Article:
How is Fitness Training Related to “Knowledge Building by Design”?
As the title suggests, neither fitness training nor knowledge building happen by accident. For either endeavor to succeed, a plan must be designed. Those who design those plans–whether they be fitness trainers or learning designers – must first undergo their own training programs before they can correctly train or teach others. And that is precisely why fitness training was chosen as the overarching metaphor for this ePortfolio about preparing and training for both the University of British Columbia (UBC) degree and real-time professional practice.
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Metaphor Rationale for the ETEC 590 ePortfolio
What is the Purpose of this ePortfolio?
Except for some necessary personal background information and the domain name, this site is definitely not all about me. A quick browse through the Key Competencies will reveal that this web space is actually more about what most educators and students would agree is crucial to our future in education: the need to design and implement effective, globally affordable e-learning environments for learners of all backgrounds and abilities. Although I am already increasing my contribution to this ongoing global initiative, there needs to be unambiguous evidence that I am qualified to do even more. The artifacts and reflections posted here provide plenty of such evidence–and they fulfill the requirements of the final “capstone research project” for both Category 6 of the BC Teacher Qualification Services and the Master of Educational Technology (MET) degree that I have earned at The University of British Columbia (UBC).
Moreover, as noted in many of the artifacts, much of my critical thinking, research, and practical MET work is closely linked with my professional practice. I am fortunate to be employed at one of Korea’s top universities that not only attracts the best students, but also provides motivation and support to faculty members who wish to pursue graduate school or research work. Since commencing the UBC MET program, the healthy autonomy provided at Hanyang University (HYU) has allowed me to implement many instructional design and pedagogical approaches that I learned at UBC. In addition to redesigning most of my classes into blended (hybrid) courses, I developed a new multimedia writing and blogging course that draws heavily on social constructivist principles and encourages students to participate in an active learning community in which they collaborate, build knowledge together and create meaningful artifacts–most of them for the first time in their lives.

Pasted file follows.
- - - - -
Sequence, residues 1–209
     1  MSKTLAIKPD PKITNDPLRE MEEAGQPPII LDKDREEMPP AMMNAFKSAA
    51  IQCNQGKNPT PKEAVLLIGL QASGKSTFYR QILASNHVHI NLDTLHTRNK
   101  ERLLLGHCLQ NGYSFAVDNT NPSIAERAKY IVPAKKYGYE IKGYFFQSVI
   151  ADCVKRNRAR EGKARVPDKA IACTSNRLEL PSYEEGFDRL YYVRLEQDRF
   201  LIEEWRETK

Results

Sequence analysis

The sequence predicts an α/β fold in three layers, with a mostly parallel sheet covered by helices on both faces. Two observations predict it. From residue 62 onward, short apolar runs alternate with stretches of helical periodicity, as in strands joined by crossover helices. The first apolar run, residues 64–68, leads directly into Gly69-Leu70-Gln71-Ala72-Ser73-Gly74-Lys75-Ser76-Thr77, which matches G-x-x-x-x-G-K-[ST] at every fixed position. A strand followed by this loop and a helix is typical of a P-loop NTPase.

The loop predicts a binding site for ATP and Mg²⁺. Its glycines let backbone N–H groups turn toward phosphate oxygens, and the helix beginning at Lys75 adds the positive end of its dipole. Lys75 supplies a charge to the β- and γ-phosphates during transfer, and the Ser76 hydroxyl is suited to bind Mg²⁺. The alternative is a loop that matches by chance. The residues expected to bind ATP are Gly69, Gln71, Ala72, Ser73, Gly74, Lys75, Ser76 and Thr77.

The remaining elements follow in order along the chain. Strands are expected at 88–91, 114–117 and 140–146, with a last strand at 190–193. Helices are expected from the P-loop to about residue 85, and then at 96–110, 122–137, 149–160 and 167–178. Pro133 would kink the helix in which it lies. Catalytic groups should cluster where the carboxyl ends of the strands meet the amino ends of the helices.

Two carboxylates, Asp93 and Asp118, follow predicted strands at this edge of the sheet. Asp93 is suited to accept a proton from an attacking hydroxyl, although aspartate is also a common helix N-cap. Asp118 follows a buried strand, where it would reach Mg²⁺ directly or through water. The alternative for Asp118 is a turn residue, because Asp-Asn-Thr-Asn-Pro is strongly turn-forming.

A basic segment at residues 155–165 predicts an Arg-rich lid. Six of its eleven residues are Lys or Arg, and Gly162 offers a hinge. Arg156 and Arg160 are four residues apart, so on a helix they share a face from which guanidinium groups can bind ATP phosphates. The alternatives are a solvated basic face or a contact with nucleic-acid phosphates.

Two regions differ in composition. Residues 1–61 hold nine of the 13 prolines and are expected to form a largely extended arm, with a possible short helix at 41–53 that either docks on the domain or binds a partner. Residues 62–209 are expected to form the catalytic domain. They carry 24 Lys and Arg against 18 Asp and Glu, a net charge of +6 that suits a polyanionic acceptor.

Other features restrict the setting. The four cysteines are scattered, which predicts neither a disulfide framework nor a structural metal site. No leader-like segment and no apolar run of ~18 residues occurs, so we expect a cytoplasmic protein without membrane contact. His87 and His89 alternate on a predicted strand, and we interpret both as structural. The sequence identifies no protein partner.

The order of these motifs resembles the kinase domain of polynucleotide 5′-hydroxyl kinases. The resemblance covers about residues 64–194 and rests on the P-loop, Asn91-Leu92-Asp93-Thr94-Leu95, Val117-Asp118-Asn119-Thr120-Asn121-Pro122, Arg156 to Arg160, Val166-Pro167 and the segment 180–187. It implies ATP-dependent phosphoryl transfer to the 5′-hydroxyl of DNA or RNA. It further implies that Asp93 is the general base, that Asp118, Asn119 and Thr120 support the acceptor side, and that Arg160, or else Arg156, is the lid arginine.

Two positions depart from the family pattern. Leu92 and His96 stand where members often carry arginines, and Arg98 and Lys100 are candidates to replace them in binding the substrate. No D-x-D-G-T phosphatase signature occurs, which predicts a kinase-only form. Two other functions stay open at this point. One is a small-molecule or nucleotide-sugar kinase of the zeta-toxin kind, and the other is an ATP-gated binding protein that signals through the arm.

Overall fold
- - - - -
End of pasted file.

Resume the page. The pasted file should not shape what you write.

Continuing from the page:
While this is personally rewarding, the greatest value of this process resides in the positive impact that it has had on the lifelong learning paths of those HYU students who have been exposed to the continually evolving research-based pedagogical practices that have emerged from it. Therefore, the main purpose of this eP is to present unequivocal evidence of how social constructivism can enable educators and students to form mutually beneficial partnerships in communities of learning and practice.
Who is the Target Audience?
The target audience is, first and foremost, UBC instructors Franc Feng, Ph.D. and Alex F. de Cosson, Ph.D. as well as my esteemed MET Community peers. With their insightful feedback and my ongoing reflection and growth, this ePortfolio has evolved into a scholarly research document and will continue to develop into an Open Educational Resource (OER) that will inform a wider audience of educational peers, prospective collaborators, partners, and employers for years to come.
The reason this site exists is simple: technology has evolved and so has education. That’s what this site is about. It includes numerous examples of e-learning practices that engage learners both cognitively and socially. It also deals with some of the challenges that need to be overcome so modern and effective social-constructivist pedagogies can be implemented and learners can be enabled to build knowledge by design (rather than transfer memorized data from lecturers to test papers).
Getting Back to that Metaphor
Modern research has debunked the old “no pain, no gain” motto of outdated exercise routines and today’s best educated fitness trainers are employing methodologies that are better researched, much safer, and significantly more effective than trainers were using 50 years ago. As a result, their trainees–from Olympic athletes to everyday folks–are achieving greater success than ever before. One might say that, in fitness training, we are benefitting from an ongoing, evolutionary, and irreversible paradigm shift.
One might also say the same thing about education.
Real Life Examples of Linking Theory to Practice:
The following blurbs will connect you to current examples of linking theory to practice.
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